What’s for Dinner
BBQ Chicken, Roasted Corn, and Potato Salad
Sione is my niece’s husband. He’s Tongan and he has a way with food. For family reunions, we look forward to his barbecue chicken. And Merri Ann, my darling wife, makes the best potato salad. And the corn is on.
So in this issue, you’ll learn how to make:
- Sione’s BBQ Chicken
- Fiesta Potato Salad
- Bacon Roasted Corn on the Cob
Sione’s Best BBQ Chicken
Sione doesn’t use a recipe for his chicken; he just makes it. So we went to work in our test kitchen to duplicate his chicken and make a recipe for you to use. We think this version is very good.
2 cups soy sauce
3/4 cup brown sugar
3 cloves of garlic, minced
2 tablespoons finely grated ginger plus any juice created by grating
10 to 12 pieces of cut up frying chicken
- In a large bowl, stir the soy sauce and brown sugar together to dissolve the sugar. Add the minced garlic and ginger.
- Set aside 1/4 cup of the marinade for basting.
- Pour the remaining marinade over the chicken and refrigerate it overnight. There should be enough marinade to cover the chicken.
- Cook the chicken on the grill or broil it in the oven turning once halfway through and basting just before the meat is done.
- Sione doesn’t use grated ginger; he wrings the juice from fresh ginger by twisting it in kitchen cloth. Grating is a simplified method and we think it works just fine.
- In our testing in the oven, the chicken was done in 12 to 14 minutes on each side. Cooking times will vary depending on how far the chicken is from the heating element. On the grill, it should be done in eight to ten minutes on each side.
- Baste the chicken just before it is done. With the high sugar content in the basting liquid, it will burn easily.
Bacon Roasted Corn on the Cob
I look forward all year to the corn season. But if you start eating it several times a week, pretty soon you’re looking for variations.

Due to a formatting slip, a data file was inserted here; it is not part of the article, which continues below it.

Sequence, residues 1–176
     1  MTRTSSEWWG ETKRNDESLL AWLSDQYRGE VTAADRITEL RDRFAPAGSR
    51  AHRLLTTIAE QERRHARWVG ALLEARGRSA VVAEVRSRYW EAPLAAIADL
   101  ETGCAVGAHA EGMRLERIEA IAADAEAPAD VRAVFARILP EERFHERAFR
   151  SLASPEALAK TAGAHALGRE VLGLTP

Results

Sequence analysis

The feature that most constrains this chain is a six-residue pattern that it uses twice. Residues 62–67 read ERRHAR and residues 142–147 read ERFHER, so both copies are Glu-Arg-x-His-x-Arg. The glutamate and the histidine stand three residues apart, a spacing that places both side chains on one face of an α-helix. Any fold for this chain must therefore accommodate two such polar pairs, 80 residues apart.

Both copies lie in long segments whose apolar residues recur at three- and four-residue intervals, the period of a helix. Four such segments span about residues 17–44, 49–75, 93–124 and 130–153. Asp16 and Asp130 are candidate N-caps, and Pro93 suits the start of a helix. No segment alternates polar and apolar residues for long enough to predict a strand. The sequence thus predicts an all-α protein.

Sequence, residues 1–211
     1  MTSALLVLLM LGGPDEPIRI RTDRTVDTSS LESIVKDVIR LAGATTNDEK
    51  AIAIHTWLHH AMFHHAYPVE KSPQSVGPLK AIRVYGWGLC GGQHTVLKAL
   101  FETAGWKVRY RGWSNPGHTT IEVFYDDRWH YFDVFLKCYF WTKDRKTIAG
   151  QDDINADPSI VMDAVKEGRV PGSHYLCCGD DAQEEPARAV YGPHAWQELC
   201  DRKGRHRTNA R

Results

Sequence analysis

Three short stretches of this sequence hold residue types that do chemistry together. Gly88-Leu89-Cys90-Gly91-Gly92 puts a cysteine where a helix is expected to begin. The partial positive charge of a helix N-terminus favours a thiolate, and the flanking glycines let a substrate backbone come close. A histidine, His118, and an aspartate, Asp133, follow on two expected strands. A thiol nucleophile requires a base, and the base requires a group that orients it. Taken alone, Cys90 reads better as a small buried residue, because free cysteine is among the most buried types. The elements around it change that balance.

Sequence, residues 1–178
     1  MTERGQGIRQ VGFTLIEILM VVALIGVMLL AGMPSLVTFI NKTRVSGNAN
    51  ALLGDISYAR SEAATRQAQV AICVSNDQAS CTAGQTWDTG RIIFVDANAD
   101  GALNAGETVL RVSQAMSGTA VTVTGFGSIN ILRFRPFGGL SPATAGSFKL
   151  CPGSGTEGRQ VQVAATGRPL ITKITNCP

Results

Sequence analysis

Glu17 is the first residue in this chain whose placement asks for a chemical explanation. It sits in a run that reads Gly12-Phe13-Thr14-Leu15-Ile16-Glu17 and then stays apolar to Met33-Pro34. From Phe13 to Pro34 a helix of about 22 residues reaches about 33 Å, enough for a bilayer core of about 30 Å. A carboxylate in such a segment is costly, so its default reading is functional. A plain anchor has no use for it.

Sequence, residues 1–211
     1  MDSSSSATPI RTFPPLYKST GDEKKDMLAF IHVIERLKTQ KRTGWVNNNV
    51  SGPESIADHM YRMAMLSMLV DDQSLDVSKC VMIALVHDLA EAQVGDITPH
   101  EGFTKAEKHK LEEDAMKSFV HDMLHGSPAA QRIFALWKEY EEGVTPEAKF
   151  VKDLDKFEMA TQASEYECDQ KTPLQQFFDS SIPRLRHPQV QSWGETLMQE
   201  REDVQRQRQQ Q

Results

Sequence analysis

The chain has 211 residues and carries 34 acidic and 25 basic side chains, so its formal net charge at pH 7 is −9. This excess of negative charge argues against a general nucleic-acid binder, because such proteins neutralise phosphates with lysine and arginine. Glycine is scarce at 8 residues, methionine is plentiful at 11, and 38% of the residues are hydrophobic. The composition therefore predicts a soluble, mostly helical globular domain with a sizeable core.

We read of serving bacon bits with corn on the cob. It sounded good. We wanted to take it one step further: infusing the taste of bacon right into the corn. That would require cooking the corn with bacon. So we bought a bunch of corn on the cob and started experimenting.
We wanted the taste of the bacon to seep into the corn, maybe with hickory smoked bacon so that we would have a slight smoked flavor. We were concerned about getting the flavor without adding two much bacon grease to the corn. So we decided to try it three ways.
First, we layered a strip of uncooked bacon on the corn and cooked the two together. We expected it would be too greasy and that it would be hard to completely cook the bacon but it would be our baseline. For the next trial, we used partially cooked bacon and for the next, fully cooked.
As expected, the trial with the uncooked bacon was too greasy and we had trouble getting the bacon fully cooked.
Fully cooked bacon worked best. We cooked the corn wrapped in aluminum foil with two strips—not one–of bacon for 30 minutes at 425 degrees. (You can bake this on the grill. Because the grill is hotter, about 20 minutes will be right.) The steam from the corn drew the flavor from the bacon and since most of the grease had been extracted in the cooking of the bacon, it wasn’t greasy. This made for some very interesting, succulent corn. Our testers called it “a subtle, smoky flavor”.
Our corn didn’t have a strong bacon flavor but the flavor was noticeable and good. We served the corn with butter as you traditionally do and again with sour cream. We snipped extra cooked bacon into bits along with a few chives and served them on the side.
Bacon Roast Corn on the Cob is a little indulgent but very good.
Fiesta Potato Salad
Potato salad is a must in the summertime. This recipe makes a large salad, enough to serve a group of eight to ten. Merri Ann makes it without a recipe. We converted her salad to this recipe.
3 pounds new red potatoes
1/3 cup chopped green onion
1 1/2 cups frozen peas
1 1/2 cups canned whole kernel corn, drained
1/2 cup red peppers, chopped
1 cup mayonnaise
4 teaspoons white vinegar
Salt and pepper to taste
- Cut the potatoes into large chunks and boil them in salted water until they are almost tender, not soft. (It’s not necessary to peel the potatoes.) Drain the potatoes and let them cool. Cut them into smaller-sized chunks or slices if necessary.
- Add green onions, frozen peas, canned corn, red peppers and toss.
- Mix the mayonnaise and vinegar together. Stir the dressing into the vegetables. Salt and pepper to taste. Refrigerate for several hours or overnight.
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